My holiday reading usually includes a dose of history and I find the first half of the twentieth century especially interesting. This book was a change from my usual choices as it focused on civilian life in Germany from 1918–1945 through observations made by travellers visiting the country. What struck me from reading it was that there appeared to be an alarming level of sympathy for many of the Nazi’s policies, which comes across as being the result of a combination of social norms at the time, the group of commentators whose writing was selected for the book (I wondered how representative the people chosen were), a failure to understand the real extent of what was happening, and the extensive use of propaganda.

Weapons of Math Destruction, Cathy O’Neil (https://weaponsofmathdestructionbook.com/)

This book looks at how algorithms and data are shaping our world, in particular the impact this has on locking in social disadvantage and other adverse effects. Recurring themes included the use of proxy measures to determine outcomes (eg where you live being used to set insurance premiums and credit scores being used as part of screening for job applications) and lack of accountability for many of these processes. I think that data ethics is going to become an increasingly important part of how we shape our world and thought that it was interesting to reflect on how the rights set out in the General Data Protection Regulation will contribute to this. I also wonder how we might best educate people so that they are able to exercise these rights effectively.

Turn The Ship Around! David Marquet (https://www.davidmarquet.com/books/)

This has been on my ‘to read’ list for quite a while. It’s based on the experience that the author had as the Captain of a US Navy submarine where he introduced an inclusive leadership approach to dramatically improve the ship’s performance (a big contrast to the traditional command and control approach). I found it an easy read and thought that it suggested some good ideas for ways to make the shift from heroic / command and control leadership to establishing a confident and effective leadership culture across a team.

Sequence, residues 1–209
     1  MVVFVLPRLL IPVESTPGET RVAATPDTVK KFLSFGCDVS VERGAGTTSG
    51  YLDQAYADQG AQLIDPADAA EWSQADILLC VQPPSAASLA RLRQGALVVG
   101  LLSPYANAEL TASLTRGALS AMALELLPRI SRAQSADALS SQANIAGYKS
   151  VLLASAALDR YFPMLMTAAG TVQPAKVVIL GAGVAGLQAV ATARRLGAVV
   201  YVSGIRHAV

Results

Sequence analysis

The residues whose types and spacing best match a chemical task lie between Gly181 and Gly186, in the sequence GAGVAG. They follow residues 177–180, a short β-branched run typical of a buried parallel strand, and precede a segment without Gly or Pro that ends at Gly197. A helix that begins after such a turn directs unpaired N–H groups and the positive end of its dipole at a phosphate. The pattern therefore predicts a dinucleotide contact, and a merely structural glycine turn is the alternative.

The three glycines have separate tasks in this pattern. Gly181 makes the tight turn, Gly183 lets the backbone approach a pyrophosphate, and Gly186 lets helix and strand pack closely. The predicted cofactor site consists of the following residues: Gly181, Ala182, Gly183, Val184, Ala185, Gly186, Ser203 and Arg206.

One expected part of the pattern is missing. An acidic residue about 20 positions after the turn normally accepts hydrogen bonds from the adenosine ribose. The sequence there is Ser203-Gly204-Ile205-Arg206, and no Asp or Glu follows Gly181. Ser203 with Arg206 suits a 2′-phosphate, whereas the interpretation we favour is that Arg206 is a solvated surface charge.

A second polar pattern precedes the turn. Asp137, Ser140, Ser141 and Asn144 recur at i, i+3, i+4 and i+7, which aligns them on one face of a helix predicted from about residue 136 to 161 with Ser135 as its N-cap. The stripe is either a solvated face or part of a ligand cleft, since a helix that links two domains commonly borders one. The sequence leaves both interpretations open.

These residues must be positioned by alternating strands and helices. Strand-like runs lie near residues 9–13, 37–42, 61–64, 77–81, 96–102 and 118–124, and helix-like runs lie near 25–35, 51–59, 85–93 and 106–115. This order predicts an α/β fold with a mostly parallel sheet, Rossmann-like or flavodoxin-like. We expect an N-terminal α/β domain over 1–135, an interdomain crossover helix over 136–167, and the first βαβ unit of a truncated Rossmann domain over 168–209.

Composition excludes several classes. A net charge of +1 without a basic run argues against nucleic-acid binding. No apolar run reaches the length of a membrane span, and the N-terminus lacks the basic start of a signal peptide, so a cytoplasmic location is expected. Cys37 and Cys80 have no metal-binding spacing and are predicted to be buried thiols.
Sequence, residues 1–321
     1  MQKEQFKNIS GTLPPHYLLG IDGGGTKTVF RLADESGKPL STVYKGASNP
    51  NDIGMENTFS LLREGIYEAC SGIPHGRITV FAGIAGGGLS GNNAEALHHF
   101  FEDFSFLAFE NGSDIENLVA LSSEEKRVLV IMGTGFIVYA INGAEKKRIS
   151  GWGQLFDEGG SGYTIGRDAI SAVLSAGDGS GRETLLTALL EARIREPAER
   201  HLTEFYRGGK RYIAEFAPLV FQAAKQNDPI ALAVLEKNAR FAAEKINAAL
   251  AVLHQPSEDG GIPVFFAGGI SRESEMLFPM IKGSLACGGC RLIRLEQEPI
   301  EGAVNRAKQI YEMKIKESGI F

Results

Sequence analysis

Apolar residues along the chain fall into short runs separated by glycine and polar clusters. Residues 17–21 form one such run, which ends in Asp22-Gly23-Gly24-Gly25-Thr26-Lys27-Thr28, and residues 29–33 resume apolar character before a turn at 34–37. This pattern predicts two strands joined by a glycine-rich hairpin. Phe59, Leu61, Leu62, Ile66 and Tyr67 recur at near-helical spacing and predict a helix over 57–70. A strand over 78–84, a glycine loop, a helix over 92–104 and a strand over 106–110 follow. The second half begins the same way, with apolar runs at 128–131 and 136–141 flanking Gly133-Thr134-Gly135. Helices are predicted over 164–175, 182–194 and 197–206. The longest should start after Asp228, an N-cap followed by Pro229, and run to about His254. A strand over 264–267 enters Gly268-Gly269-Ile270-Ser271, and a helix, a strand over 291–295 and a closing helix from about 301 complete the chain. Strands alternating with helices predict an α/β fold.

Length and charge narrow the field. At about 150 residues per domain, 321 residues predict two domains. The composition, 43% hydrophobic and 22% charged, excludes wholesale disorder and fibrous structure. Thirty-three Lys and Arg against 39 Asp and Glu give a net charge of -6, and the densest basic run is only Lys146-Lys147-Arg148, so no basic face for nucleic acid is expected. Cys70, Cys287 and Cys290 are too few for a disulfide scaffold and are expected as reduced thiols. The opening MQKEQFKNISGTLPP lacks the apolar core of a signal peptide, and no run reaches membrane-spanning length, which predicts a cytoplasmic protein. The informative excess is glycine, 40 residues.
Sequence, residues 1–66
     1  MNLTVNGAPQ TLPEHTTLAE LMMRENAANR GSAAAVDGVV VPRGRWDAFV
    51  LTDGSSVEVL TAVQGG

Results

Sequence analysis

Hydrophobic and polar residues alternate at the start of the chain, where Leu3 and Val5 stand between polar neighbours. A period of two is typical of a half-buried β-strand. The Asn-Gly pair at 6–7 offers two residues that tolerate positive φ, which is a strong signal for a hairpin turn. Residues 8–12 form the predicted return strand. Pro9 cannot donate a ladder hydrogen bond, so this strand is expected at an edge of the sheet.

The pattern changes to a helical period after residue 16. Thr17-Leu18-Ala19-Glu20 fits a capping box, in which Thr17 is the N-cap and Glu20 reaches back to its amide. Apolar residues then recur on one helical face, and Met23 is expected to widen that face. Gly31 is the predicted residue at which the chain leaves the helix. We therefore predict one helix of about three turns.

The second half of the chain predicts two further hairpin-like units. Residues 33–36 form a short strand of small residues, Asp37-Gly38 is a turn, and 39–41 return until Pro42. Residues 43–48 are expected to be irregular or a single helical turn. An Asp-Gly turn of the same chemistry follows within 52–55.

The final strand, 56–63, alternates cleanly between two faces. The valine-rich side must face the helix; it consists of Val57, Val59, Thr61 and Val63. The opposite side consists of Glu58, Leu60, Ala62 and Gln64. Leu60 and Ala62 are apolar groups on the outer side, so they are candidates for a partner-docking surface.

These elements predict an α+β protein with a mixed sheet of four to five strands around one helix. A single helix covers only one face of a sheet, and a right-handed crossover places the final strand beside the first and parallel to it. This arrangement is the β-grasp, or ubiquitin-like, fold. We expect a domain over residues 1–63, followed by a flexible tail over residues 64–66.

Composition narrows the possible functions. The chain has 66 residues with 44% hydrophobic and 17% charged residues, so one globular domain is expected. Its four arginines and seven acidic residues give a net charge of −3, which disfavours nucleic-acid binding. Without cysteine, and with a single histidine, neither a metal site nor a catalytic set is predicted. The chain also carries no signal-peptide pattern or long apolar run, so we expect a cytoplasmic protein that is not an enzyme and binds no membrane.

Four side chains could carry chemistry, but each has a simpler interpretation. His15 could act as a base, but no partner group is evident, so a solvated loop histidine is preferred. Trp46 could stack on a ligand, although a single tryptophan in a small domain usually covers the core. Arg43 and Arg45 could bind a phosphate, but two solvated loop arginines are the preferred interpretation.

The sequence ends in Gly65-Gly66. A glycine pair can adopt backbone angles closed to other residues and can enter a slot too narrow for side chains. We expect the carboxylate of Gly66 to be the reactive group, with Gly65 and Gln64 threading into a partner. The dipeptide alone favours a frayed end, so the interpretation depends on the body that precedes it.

The Price of Prosperity: Why Rich Nations Fail and How to Renew Them, Todd G. Buchholz (https://www.harpercollins.com/9780062405708/the-price-of-prosperity)

This book puts forward a thesis suggesting why prosperous nations eventually find themselves reaching a point of decline, looking back from ancient Greece through to the modern world. I’m always a bit suspicious when a piece of writing starts out by declaring that it has uncovered the previously unidentified and definitive answer to a question, and some of the conclusions were too neat for my liking. I also felt that the author was too confident that the Western world’s current economic model was the right one and that the challenges we face are primarily to do with other aspects of social integration and cohesion — I doubt that it’s as straightforward as that. But I learned some interesting stuff and overall I didn’t begrudge the time spent reading the book.

The Everything Store: Jeff Bezos and the Age of Amazon, Brad Stone (https://www.nytimes.com/2013/10/29/books/the-everything-store-jeff-bezos-and-the-age-of-amazon.html)

I’m still half way through, but I’m finding this a very interesting read. It’s easy to assume that Amazon found the magic formula for success from the get go, so I’m finding it interesting to learn more about the company’s beginnings and the different approaches Amazon has had to try out as it has grown. As Matt Ballantine has noted, I’m not persuaded by Jeff Bezos’ approach to management and work / life balance, but then I’m not a multi-billionaire so maybe it’s me who’s getting it wrong…

So, now on to the bank holiday weekend and revving back into gear for work next week! (I’m actually looking forward to getting back up to speed — which I think suggests it’s been a good break.)